If you can’t make it to Southern Africa to watch the solar eclipse tomorrow, you can catch it broadcast live from the Slooh Community Observatory, as reported in a detailed article on Space.com:
A partial solar eclipse will darken the skies above southern Africa early Sunday (Sept. 13), and the entire world can watch the spectacle live online. Sunday’s eclipse will be visible to observers throughout South Africa, as well as people in the southern parts of Mozambique, Zambia, Zimbabwe and Madagascar. But wherever you are, you can view the eclipse live thanks to a free webcast hosted by the Slooh Community Observatory. The Slooh show begins at 12:30 a.m. EDT (0430 GMT) Sunday and can be viewed live on Slooh.com along with the observatory’s archive of night sky webcasts. It will run through 5 a.m. EDT (0900 GMT), with the time of maximum eclipse expected at 3 a.m. EDT (0700 GMT).
You can also watch the solar eclipse live on Space.com, courtesy of Slooh. The webcast will feature Slooh astronomer Bob Berman and solar researcher Lucie Green.
Ever wondered how it is that total solar eclipses can happen at all? The Space.com article answers that with this interesting factiod:
That total solar eclipses can occur at all is a strange accident of cosmic geometry. The sun is about 400 times wider than the moon, but it’s also 400 times farther from Earth, so the two objects are roughly the same size in Earth’s sky.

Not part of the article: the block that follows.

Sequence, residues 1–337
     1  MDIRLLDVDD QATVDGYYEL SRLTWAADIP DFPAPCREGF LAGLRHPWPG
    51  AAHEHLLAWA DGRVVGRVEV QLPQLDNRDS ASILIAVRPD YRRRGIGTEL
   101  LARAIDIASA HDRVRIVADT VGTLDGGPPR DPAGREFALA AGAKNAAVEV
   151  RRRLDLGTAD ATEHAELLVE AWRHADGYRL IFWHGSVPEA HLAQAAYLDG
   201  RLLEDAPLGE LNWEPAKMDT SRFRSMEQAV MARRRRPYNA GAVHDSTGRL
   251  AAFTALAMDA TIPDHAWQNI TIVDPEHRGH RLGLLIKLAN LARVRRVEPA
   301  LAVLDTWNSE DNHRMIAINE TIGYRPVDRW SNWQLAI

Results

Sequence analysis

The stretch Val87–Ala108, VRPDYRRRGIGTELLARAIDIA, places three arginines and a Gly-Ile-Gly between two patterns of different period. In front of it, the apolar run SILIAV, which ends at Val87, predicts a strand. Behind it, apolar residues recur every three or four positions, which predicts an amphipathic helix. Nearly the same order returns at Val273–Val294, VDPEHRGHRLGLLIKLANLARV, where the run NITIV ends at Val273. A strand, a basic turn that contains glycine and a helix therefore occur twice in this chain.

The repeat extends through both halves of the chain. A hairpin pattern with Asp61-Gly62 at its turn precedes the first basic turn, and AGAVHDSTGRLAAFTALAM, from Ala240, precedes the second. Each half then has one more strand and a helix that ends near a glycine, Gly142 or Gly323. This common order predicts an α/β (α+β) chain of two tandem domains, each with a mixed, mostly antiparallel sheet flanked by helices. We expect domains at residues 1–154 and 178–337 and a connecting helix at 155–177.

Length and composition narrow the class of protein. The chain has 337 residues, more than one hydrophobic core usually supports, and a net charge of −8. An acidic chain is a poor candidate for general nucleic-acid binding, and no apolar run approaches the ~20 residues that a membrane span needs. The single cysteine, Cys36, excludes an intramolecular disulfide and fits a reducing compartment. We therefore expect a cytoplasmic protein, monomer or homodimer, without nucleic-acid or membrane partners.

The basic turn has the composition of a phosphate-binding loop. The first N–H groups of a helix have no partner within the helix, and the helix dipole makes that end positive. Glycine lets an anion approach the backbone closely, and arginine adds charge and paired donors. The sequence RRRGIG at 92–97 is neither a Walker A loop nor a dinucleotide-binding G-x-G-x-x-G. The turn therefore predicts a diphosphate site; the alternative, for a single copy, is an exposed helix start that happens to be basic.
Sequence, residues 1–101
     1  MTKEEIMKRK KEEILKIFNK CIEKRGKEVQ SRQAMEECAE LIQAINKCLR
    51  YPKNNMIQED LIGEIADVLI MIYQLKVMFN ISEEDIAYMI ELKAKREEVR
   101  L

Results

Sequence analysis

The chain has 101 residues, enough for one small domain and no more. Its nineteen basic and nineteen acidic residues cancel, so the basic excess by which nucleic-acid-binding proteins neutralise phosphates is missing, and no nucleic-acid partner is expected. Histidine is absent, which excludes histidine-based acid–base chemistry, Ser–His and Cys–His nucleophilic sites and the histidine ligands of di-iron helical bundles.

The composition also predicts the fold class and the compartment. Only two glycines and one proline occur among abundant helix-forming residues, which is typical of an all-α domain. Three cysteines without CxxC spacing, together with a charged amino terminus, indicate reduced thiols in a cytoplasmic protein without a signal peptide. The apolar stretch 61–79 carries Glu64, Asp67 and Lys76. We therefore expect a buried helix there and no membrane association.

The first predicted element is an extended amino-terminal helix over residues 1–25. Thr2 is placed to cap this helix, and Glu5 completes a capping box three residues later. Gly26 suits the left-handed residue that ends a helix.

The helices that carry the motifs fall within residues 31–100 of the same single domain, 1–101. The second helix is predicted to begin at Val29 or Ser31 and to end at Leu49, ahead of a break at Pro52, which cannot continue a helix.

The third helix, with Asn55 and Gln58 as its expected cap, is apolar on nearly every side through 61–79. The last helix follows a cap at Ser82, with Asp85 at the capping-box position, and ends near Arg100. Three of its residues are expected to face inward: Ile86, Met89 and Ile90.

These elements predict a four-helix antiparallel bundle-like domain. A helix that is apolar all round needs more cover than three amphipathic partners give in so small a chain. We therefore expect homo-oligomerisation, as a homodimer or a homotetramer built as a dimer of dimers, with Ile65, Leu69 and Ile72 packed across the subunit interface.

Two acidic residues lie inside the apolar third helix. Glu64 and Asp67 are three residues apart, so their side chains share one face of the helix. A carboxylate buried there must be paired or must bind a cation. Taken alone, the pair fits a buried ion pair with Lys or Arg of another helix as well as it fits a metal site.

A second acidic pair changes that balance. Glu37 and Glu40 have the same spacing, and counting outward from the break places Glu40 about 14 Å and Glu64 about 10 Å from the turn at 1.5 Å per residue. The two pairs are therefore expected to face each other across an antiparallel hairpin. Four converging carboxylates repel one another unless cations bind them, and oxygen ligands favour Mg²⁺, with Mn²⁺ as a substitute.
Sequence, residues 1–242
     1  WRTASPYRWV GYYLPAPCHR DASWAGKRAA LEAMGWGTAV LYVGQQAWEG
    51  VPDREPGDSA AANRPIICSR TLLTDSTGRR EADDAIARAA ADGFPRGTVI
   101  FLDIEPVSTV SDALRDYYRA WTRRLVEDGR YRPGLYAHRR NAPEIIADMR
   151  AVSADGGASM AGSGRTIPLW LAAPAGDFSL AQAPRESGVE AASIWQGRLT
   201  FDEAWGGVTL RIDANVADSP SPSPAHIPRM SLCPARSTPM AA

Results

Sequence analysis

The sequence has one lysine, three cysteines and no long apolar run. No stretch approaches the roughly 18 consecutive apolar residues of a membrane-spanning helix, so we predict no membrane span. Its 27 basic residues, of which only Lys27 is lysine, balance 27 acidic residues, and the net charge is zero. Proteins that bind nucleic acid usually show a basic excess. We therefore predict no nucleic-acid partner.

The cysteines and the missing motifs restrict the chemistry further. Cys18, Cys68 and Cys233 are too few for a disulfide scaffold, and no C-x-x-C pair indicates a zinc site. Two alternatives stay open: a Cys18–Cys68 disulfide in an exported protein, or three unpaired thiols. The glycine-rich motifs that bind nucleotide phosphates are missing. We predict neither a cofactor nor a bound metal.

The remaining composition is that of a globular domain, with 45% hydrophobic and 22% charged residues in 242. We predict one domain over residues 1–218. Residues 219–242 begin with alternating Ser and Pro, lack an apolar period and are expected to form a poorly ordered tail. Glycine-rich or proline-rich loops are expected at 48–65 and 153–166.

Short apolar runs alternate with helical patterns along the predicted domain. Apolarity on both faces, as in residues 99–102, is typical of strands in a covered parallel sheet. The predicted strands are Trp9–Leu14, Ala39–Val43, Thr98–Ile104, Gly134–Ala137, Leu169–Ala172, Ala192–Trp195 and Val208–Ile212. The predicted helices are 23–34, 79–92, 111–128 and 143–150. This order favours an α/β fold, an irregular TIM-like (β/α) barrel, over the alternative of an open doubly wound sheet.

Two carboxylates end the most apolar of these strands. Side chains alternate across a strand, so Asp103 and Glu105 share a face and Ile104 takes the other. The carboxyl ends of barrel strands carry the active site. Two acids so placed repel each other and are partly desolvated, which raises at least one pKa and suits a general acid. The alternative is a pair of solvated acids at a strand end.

While partial solar eclipses are interesting events, total eclipses are more exciting both visually and scientifically, experts say.
“During a total solar eclipse, the moon is a near-perfect fit for the sun’s disk, so almost all of the corona is visible,” Jack Ireland, a solar physicist at NASA’s Goddard Space Flight Center in Greenbelt, Maryland, said in a statement.
The corona is the sun’s thin atmosphere, which is ordinarily tough to observe because it gets lost in the overwhelming glare coming from the solar surface.
Therefore, total solar eclipses are the perfect opportunities for astronomers to study the sun’s corona.
Get all the facts on tomorrow’s eclipse in Space.com’s highly informative article.
Source: Space.com – “Watch Sunday’s Partial Solar Eclipse Live in Slooh Webcast“
Photo Credit: Kali Morgan/www.kalimorganphoto.com